“Like, literally, the worst film I’ve ever seen”. These were the words uttered by someone after the screening of The Boy at the Rich Mix cinema in Shoreditch. Quite why that was the case, I am unsure. Putting the horrendous overusing of the words ‘like’ and ‘literally’ in today’s society to one side, the film was not a bad film by any estimation, and certainly not the worst film ever. Who knows though, maybe they had only seen two films, and that other film was better? Who am I to judge? Regardless, I will judge away. Don’t dampen my mood with your throwaway review.
The thing is, I can see where they are coming from. Certain films do have a particular ‘nothingness’ about them. A dullness, where the mundane nature of life and solitude is portrayed on-screen only for the final act to pull the rug from under you. At which point, you have lost the will to live, which is ironic considering that quite often our main protagonist feels the same way. Take a look at films like The Hunter or To Kill A Man, both strikingly different but both equally dull at times (one more than the other). The Boy had much more to offer than these films, but shared many of the same traits; the realism and constant unnerving sense of impending violence keeps you watching.
Jared Breeze stars as Ted Hankey, a 9-year-old boy who helps out at a run-down motel with his run-down dad played by David Morse. The motel business is failing, the 9-year-old is bored out of his mind, and his only release appears to be wandering around the deserted grounds of the motel scooping up roadkill in exchange for 25 cents in the hope of affording a trip to see his mum. A series of events dotted throughout the film led Ted on a dark and winding path; absorbing everything around him, magnified by the lack of anything to do, the audience gets to see an increasingly disturbed, sociopathic child on the brink of something horrible.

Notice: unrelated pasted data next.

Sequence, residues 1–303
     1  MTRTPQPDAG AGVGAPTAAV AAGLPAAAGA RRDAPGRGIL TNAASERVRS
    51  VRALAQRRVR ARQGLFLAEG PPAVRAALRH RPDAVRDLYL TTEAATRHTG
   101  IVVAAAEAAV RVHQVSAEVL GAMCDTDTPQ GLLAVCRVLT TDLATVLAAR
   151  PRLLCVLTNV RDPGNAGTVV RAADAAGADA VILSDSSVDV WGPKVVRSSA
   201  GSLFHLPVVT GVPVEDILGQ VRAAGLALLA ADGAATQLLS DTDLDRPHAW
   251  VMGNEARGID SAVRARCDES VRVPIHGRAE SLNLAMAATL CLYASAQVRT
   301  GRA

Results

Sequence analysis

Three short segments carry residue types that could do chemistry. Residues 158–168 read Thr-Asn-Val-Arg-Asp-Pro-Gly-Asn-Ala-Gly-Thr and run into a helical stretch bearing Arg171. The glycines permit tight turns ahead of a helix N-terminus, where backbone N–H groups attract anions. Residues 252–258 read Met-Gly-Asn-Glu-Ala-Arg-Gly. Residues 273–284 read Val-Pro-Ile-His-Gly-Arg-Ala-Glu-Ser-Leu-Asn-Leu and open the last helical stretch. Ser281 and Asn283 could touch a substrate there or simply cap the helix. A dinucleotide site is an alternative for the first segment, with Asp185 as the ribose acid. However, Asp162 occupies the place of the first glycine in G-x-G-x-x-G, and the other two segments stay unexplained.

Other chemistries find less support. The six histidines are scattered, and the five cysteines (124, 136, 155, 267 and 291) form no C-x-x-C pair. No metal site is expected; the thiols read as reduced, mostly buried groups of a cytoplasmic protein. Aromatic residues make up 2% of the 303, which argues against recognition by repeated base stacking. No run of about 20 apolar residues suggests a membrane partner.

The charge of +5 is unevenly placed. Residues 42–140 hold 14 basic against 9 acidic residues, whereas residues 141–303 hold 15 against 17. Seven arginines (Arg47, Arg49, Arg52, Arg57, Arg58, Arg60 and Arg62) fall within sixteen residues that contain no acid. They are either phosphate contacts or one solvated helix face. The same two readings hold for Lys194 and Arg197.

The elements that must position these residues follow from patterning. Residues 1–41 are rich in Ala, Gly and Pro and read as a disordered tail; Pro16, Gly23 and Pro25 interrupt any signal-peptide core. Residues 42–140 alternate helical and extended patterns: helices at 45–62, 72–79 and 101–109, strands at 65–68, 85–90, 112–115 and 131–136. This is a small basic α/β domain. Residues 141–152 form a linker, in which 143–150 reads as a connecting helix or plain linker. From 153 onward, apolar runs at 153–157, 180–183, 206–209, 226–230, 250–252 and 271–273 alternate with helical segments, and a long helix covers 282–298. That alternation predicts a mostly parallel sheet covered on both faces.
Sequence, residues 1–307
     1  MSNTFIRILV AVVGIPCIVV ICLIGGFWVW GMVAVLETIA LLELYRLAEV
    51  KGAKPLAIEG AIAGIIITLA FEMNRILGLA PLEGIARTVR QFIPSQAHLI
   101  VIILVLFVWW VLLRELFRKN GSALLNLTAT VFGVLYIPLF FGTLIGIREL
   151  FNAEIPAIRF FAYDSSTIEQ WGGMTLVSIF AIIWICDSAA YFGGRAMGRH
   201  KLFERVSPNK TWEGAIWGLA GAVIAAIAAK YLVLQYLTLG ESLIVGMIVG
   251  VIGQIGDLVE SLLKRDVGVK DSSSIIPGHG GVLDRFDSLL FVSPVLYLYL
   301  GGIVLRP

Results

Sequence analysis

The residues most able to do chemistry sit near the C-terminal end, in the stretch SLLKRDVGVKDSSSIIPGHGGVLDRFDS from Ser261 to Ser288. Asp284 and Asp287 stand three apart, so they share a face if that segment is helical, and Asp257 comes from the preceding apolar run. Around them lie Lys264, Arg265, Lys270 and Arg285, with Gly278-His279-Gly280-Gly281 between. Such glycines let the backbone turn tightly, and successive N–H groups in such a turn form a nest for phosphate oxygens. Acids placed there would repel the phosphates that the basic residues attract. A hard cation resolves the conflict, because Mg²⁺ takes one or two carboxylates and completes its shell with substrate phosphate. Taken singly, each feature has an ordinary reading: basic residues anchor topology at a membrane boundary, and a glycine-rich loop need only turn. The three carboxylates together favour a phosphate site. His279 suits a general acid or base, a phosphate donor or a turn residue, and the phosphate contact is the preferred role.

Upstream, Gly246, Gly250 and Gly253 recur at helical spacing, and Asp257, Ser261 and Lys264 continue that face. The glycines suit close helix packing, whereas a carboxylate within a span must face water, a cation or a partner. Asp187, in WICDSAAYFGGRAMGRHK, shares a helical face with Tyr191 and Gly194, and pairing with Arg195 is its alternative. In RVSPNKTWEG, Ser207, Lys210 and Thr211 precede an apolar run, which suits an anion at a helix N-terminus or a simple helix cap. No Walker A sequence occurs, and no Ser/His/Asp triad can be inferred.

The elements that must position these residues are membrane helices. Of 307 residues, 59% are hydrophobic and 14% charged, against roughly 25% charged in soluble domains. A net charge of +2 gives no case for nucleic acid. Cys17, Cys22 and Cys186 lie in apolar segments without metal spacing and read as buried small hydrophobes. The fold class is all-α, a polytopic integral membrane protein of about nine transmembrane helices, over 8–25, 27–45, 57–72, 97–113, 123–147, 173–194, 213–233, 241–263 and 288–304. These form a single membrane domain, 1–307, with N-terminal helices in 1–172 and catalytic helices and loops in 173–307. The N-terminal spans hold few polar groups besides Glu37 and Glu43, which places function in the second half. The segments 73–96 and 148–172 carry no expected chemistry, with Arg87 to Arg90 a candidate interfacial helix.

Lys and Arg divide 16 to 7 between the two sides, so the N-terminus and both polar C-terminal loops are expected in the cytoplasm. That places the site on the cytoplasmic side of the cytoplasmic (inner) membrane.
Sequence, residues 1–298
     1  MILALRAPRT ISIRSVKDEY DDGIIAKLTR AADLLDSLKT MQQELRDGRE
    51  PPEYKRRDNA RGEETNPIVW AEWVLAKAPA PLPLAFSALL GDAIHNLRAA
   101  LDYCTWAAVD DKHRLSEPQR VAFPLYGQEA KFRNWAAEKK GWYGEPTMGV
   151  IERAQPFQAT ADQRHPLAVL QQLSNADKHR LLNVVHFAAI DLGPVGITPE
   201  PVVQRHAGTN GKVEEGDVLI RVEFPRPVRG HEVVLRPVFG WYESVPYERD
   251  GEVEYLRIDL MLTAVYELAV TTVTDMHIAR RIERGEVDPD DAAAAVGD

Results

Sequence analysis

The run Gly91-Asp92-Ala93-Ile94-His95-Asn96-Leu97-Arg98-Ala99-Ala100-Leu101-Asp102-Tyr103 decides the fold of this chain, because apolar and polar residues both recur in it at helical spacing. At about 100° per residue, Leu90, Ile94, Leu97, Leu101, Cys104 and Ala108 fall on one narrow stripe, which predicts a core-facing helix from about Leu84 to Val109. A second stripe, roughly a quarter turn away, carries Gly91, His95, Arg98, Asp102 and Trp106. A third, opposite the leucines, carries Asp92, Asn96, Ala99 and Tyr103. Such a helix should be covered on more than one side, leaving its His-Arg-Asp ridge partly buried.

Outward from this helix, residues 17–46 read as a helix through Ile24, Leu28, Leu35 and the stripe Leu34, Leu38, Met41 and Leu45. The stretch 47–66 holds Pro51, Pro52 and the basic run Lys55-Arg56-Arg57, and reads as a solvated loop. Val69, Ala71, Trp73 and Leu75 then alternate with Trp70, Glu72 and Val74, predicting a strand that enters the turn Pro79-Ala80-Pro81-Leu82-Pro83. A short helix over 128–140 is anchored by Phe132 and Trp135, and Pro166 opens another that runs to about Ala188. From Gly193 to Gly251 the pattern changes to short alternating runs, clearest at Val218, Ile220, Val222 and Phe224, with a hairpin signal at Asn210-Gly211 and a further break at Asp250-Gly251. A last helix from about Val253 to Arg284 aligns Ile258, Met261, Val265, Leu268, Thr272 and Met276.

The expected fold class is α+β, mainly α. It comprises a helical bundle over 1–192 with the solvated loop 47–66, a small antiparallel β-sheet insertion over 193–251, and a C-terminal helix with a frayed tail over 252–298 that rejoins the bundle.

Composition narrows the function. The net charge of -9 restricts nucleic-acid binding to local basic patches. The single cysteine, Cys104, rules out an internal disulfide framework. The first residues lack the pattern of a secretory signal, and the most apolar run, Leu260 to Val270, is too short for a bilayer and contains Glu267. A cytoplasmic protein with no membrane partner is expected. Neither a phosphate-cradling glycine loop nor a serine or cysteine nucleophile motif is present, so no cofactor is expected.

The performance of Jared is particularly special. Convincing, menacing but equally innocent, he elevates the film beyond mediocrity and puts that sense of dread into the audience with just a glance. However, the film cannot just rest on a single performance, and while David Morse and Rainn Wilson are good but not great, they are limited by a simple but effective script. Instead, the score by Volker Bertelmann was imposing, ramping up the dramatic tension when necessary, serving as a catalyst to an otherwise silent situation. A simple scene such as watching someone sleep was transformed into a horrible portrayal of a boy losing his sense of right and wrong.
This is not a film to be watched at home on VOD (although I believe it is out on US iTunes), this is a film to be experienced in the cinema. When very little is happening on-screen at home, there will always be a temptation to check your phone or simply lose interest and switch off. This feature from Writer/Director Craig Macneill is filled with lasting shots of the isolated motel, transferring the feeling of nothingness to the audience. This is a film that requires your full attention, to fully immerse yourself and relate to the boredom, with the end result being an intense scene of horror fully worth the wait.
I can understand why people wouldn’t like this film, but is by no means “Like, literally, the worst film I’ve ever seen”. The payoff may not be gratuitous for some, the script too bland for many and the film too normal for the most part to be considered a thriller and/or horror. I, however, thought it was a brave attempt at the creepy kid genre. Entrancing, eerie, and ultimately bleak, it was like, literally, a pretty good film.